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Not long after Buckingham Palace was built in the early 18th century, a much less imposing structure went up in the Spitalfields area of London.

It was a 10-room brick-terraced house, built in 1724, with nothing to make it stand out from others along Folgate Street.

Over the years, the house’s fortunes — and that of Spitalfields — declined. Then in 1979, American artist Dennis Severs bought it and turned it into — well, that is in the eye of the beholder. Partly a work of art, perhaps a bit of theater, a living-history exhibit maybe. But Dennis Severs’ House is not a conventional museum; it’s frozen moments in time from long ago.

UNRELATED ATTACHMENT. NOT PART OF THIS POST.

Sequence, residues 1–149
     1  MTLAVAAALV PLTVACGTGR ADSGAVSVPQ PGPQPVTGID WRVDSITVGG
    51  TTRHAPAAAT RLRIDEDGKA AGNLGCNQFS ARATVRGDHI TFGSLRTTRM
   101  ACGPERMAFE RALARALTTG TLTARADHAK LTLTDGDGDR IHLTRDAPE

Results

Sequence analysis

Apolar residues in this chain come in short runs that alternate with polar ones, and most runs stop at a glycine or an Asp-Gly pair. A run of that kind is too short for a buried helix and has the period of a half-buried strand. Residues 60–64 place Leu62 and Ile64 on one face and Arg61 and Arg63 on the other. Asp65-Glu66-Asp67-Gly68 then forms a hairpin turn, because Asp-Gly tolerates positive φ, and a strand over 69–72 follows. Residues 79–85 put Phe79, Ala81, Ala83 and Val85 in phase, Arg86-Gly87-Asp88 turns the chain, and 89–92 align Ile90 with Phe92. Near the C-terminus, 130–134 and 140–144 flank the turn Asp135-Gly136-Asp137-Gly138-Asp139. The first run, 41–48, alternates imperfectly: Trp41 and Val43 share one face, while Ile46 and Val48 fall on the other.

Severs created a family of silk weavers, the Jervis family, and turned each room into a look at their lives over several generations. Visitors take a self-guided tour and see what each room would have looked like at a moment in time. Beds are unmade, plaster is falling from the ceiling, furniture is worn, nightclothes are strung on rope along the back stairs. Unfinished meals and half-empty wineglasses are on one table. It seems that members of the Jervis family have just stepped away.

“You can be a visitor in any museum and look at things,” said house manager Mick Pedroli, who was a friend of the late Severs.

“But this is life in London in the 18th and 19th centuries.”

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